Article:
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who should be readiest to adopt every new clerical and monkish device, the Greeks speedily embraced the method of baptism by immersion, and retain it to this day, is matter of undoubted notoriety. But that they either practised this method from the beginning, or, even when they embraced it, alleged, as their reason, the meaning of the word Baptism,* there is no evidence, which I have been able to discover. I have looked in vain for it into all the earliest Greek fathers, to which I have had access; and, so far as my acquaintance with the antipædobaptist writers extends, I must say, that they are, on this point, remarkably barren. Mr Robinson satisfies himself with making the bare assertion, without giving a single reference in support of it. Dr. Ryland, who has given so many quotations from Jewish and Heathen writers, confines himself to three from the Greek fathers. Two of these are brought to prove what we have admitted, and confirmed, that Barrio signifies to sink and be drowned, but they have no reference to the ordinance of Baptism, and they are so vaguely quoted, that it is impossible to find the passages. They are as follow:

"Basil, the christian father, speaks of suffering with those that were immersed or plunged in the sea,' (βαπτιζομενοις.)”


Gregory Nazianzen.— That we may not be immersed or sunk with the ship and the crew.' (BarToboμEV.") Candid Statement, Notes, IX.

* See pages 84-86.

His third quotation is from Chrysostom, whose age was subsequent to the introduction of Immersion and Baptisteries. He introduces it by saying, "References to immersion in the Fathers might be produced without end." I dare say they might, in the Fathers, of the third, and fourth, and following centuries. It is, however, remarkable, that out of the eight folio volumes of Chrysostom's works, in which the subject of Baptism often occurs, he should have confined himself to a single passage, in which there is an allusion, indeed, to the erroneous notion of the manner in which believers are buried with Christ by Baptism; but not a syllable on the meaning of the word Baptism, as if it always signified dipping." I will only mention one, says the Dr., in Chrysostom, on Col. ii. 12. εταφη ήμων ο πρωτος ανθρωπος, says he, εταφη ουκ εν yn aλx' ev idarı. Our first (or former) man is buried, he is buried, not in earth, but in water."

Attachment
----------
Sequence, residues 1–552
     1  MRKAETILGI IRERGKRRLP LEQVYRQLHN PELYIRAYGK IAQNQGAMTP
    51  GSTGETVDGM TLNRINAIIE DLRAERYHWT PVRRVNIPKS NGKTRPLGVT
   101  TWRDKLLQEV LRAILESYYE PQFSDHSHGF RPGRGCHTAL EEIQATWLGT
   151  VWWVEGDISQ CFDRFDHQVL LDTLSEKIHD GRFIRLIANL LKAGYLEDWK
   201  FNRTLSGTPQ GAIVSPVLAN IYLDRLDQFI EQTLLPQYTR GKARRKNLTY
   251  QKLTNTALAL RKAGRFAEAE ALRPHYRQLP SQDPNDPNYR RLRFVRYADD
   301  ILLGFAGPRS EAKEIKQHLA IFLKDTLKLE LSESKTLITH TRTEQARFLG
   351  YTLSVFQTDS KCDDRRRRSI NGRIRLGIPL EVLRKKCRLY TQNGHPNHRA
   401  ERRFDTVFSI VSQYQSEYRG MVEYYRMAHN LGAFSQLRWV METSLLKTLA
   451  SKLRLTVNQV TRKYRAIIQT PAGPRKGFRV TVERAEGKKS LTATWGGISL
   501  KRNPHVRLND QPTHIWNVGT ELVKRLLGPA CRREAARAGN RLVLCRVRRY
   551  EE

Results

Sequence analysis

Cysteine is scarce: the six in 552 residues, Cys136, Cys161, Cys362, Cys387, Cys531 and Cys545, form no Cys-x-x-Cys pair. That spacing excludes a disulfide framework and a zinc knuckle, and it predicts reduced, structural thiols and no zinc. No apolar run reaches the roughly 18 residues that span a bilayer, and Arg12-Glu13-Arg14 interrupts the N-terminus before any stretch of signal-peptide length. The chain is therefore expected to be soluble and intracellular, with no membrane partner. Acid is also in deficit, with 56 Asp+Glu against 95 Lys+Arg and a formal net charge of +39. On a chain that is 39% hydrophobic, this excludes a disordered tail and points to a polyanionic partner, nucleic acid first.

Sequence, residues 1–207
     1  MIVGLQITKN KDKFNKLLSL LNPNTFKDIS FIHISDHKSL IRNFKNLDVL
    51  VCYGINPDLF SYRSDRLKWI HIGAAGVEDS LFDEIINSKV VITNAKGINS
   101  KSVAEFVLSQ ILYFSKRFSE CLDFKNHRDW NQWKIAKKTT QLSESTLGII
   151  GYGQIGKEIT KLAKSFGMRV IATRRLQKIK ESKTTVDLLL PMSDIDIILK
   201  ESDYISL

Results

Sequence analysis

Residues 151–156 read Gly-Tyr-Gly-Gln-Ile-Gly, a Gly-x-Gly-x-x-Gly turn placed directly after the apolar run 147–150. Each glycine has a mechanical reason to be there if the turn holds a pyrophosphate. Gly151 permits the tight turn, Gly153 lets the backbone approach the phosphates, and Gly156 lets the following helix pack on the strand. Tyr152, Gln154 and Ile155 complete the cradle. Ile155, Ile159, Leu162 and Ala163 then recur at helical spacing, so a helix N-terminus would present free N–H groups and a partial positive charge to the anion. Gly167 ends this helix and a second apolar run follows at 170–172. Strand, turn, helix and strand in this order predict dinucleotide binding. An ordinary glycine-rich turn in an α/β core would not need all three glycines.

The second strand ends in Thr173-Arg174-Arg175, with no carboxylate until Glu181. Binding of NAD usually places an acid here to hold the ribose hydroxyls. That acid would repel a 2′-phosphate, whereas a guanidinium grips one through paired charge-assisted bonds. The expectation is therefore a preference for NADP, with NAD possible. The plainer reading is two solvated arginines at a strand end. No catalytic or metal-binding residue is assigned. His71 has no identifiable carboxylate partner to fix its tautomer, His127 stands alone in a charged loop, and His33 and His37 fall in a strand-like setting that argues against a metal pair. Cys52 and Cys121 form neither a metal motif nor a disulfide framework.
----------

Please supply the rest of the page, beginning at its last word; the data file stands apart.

The language of the earliest Greek fathers respecting the ordinance of baptism has already been mentioned.*




My worthy Christian friends of the Antipædobaptist persuasion must not suppose that I charge them

* See page 59.

with any want of a sense of propriety, or delicacy, in the animadversions which I feel it my duty to make on their method of baptizing. I give them full credit for acting according to conscience, in that matter; and I am well aware, that when a man is brought to think that he is serving God, it is impossible he should, for a moment, admit the thought that the service is not every thing that is solemn and lovely. Had I the most distant suspicion, that the subject I am treating of, received any countenance from the word of God, I should deem it my bounden duty to view it with respect; and, if I did not feel confident in recommending it, I would, at any rate, acknowledge the prudence of abstaining from giving it an avowed opposition. But having stated reasons, which convince me, that it is not taught in scripture, and that the contrary opinion is productive of much evil; I feel it incumbent on me to enforce my conviction on others, by every consideration, which the examination of the scriptures on the subject, has suggested to my own mind. And I beg leave to say, that I know not, how I could otherwise cherish love to the Lord Jesus Christ, or to my brethren in him of all persuasions.